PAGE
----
The coronavirus outbreak may be costing the aviation sector more than the Severe Acute Respiratory Syndrome (SARS) did in 2003, even as the world is just coming to terms with the new strain.

“China is a larger part of the global economy and global airline traffic than in 2003,” notes Joanna Lu, Ascend by Cirium’s head of consultancy for Asia.

With China’s airlines carrying up to 10 times more passengers than they did then, the impact on air travel will be far greater and on a global scale.

“In 2003, the worst [monthly] impact was 80% reduction in Chinese airlines and a 45% reduction in [Asia-Pacific] traffic. If this happens today, this implies a fall in global traffic of around 10-15%,” says Lu.

China air traffic versus Asia and rest of the world

Source: Cirium

Contagion fears have put global travel on hold, while discussions around quarantines and border control run counter to the tourist experience, the main driver of air travel.

The sense of uncertainty has only been heightened by images of Macau shutting its casinos and the curtailed activities at events of large economic value, prominent examples being the Singapore air show and, possibly, the Olympics in Tokyo.

SARS was estimated to have impacted the travel industry for up to half a year, and that appears to be a reference point for airlines and the broader aviation industry.

Cebu Pacific recently put a figure on the coronavirus outbreak’s impact. It expects to take a Ps3-4 billion ($59-79 million) hit to full-year profit if the situation persists for six months, an estimate given in the context of a Ps8.9 billion operating profit in the first half of 2019.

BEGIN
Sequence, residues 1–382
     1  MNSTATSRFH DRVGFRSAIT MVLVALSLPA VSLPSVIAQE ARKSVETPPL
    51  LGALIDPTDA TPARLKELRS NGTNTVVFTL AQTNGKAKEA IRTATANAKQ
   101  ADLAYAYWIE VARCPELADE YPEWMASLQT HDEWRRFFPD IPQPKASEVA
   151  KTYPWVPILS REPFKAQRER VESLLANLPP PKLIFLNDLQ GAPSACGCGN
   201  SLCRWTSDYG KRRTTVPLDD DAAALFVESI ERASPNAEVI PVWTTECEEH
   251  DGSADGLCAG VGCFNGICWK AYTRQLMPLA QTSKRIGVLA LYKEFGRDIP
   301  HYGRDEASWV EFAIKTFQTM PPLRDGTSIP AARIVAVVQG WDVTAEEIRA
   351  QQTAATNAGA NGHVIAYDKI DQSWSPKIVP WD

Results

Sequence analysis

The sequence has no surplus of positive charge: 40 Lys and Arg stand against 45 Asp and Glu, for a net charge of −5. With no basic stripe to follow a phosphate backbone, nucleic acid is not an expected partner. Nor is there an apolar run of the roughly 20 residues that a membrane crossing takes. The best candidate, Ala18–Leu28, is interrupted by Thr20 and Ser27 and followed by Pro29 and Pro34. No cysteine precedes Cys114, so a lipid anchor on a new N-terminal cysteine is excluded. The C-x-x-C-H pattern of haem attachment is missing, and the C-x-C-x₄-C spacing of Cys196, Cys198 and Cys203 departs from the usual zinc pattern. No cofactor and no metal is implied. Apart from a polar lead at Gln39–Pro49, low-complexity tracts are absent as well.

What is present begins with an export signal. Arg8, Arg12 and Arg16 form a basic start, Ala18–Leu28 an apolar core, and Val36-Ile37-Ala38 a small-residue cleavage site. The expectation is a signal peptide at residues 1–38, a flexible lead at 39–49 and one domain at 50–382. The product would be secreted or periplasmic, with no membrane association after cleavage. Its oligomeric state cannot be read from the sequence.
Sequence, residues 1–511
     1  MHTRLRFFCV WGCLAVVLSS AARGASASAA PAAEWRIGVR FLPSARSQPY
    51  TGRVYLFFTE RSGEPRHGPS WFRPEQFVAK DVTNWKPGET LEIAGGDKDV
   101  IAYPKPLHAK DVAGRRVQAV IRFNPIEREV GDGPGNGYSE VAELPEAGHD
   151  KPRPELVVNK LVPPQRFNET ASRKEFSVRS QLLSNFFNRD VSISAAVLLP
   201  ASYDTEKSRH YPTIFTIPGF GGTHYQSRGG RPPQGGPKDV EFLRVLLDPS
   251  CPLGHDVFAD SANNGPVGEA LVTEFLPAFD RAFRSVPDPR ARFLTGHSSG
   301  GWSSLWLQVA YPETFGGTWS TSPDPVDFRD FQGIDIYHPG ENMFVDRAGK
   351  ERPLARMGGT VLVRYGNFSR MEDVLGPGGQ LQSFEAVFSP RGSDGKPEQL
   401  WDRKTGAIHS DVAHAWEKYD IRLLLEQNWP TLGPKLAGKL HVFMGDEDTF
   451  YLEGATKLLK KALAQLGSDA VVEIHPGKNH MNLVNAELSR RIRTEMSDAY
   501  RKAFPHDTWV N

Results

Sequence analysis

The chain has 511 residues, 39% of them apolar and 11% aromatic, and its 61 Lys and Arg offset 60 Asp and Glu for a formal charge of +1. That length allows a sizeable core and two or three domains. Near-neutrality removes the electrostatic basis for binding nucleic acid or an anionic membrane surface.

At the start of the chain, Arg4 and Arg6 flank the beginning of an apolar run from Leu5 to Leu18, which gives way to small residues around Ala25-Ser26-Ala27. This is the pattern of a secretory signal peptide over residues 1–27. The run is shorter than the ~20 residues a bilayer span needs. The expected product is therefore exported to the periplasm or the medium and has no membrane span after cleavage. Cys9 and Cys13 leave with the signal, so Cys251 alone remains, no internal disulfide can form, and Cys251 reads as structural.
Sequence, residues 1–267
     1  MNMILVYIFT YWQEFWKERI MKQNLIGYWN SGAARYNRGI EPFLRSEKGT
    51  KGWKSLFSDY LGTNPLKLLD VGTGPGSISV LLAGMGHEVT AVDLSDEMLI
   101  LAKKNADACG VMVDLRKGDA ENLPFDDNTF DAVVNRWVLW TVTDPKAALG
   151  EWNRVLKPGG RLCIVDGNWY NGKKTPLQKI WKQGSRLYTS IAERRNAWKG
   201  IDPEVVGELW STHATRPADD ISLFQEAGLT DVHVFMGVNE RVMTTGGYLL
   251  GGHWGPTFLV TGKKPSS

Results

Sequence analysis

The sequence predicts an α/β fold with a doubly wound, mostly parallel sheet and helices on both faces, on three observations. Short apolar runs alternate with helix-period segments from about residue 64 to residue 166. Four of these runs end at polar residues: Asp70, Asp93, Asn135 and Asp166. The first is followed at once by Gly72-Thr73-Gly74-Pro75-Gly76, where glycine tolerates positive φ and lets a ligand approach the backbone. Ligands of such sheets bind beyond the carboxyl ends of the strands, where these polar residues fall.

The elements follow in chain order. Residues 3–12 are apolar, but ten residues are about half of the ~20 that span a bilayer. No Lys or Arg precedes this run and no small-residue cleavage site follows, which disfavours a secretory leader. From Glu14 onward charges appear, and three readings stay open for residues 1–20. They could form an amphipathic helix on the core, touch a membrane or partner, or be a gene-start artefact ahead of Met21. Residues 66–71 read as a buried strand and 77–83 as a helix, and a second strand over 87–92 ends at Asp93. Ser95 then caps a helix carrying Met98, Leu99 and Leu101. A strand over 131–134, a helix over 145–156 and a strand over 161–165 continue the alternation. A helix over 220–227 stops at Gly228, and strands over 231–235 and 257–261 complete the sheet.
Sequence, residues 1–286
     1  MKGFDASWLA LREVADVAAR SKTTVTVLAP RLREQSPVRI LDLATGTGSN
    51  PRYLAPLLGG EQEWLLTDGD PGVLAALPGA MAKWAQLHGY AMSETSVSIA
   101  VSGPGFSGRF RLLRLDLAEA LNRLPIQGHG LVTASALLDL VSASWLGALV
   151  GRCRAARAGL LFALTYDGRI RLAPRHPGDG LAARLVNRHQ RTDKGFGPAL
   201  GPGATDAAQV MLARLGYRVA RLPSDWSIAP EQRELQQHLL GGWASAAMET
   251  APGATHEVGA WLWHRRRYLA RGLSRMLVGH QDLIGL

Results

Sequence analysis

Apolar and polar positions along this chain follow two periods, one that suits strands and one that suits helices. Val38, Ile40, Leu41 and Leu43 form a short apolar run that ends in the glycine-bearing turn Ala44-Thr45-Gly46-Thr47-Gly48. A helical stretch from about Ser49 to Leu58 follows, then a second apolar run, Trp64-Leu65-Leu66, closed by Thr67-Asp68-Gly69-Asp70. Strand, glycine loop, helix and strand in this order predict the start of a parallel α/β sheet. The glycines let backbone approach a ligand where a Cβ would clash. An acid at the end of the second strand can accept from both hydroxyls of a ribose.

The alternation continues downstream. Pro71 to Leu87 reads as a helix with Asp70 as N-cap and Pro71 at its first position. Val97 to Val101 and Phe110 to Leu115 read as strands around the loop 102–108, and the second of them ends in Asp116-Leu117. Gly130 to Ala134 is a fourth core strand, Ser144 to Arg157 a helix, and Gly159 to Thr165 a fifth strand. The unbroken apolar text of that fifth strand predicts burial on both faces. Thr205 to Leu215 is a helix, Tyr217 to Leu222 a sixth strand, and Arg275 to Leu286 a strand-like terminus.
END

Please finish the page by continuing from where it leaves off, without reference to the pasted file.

“We can’t forecast because the situation is escalating so fast,” Cebu Pacific’s chief executive Gokongwei told The Philippine Star.

“We just had an update regarding [the eruption of] Taal volcano three weeks ago and then now, there’s a change in forecast. People don’t want to travel.”


The fact that Wuhan is a central transport hub has quickened the spread of the coronavirus, and the number of cases outside of mainland China has been rising fast.

Japan, Singapore and Thailand now have the highest numbers of coronavirus patients outside mainland China, and locally transmitted cases have emerged. This supports the thinking that the virus is highly contagious and that human-to-human transmission is possible.

Most Asian countries have responded with increased border control and travel restrictions. This includes major travel hubs and popular tourist destinations, such as Singapore, Malaysia, Indonesia, Thailand, the Philippines, Vietnam, Australia, New Zealand, Japan and South Korea.

Key measures include turning away visitors of any nationality who have been in mainland China with the past 14 days, a duration believed to be the coronavirus’s incubation period.

Some have implemented more targeted measures aimed at citizens from Wuhan, Hubei or China. In the case of Mongolia and the Philippines, for example, this extends to the Chinese territories of Hong Kong and Macau.

“Governments’ actions clearly have sent a signal of high risk of travelling to China to their travellers,” says Lu.

With the memories of SARS still vivid, some have responded irrationally, even to the extent of xenophobia. In the Philippines, Malaysia and South Korea, for example, there have been online petitions calling to ban the entry of people from China.

China has been critical of travel restrictions imposed around country of origin. Responding to the USA’s warnings for its citizens to avoid China, the foreign affairs ministry stated: “Just as the WHO recommended against travel restrictions, the US rushed to go in the opposite way. Certainly not a gesture of goodwill.”


China is no doubt a big market for tourism and has been actively pursued by the broader aviation industry for at least the past decade.

Indonesia estimates it will lose $4 billion in earnings from tourism if travel from China is disrupted for one year. Last month, Finnair attributed its decision to suspend select routes to China’s suspension of all group tours.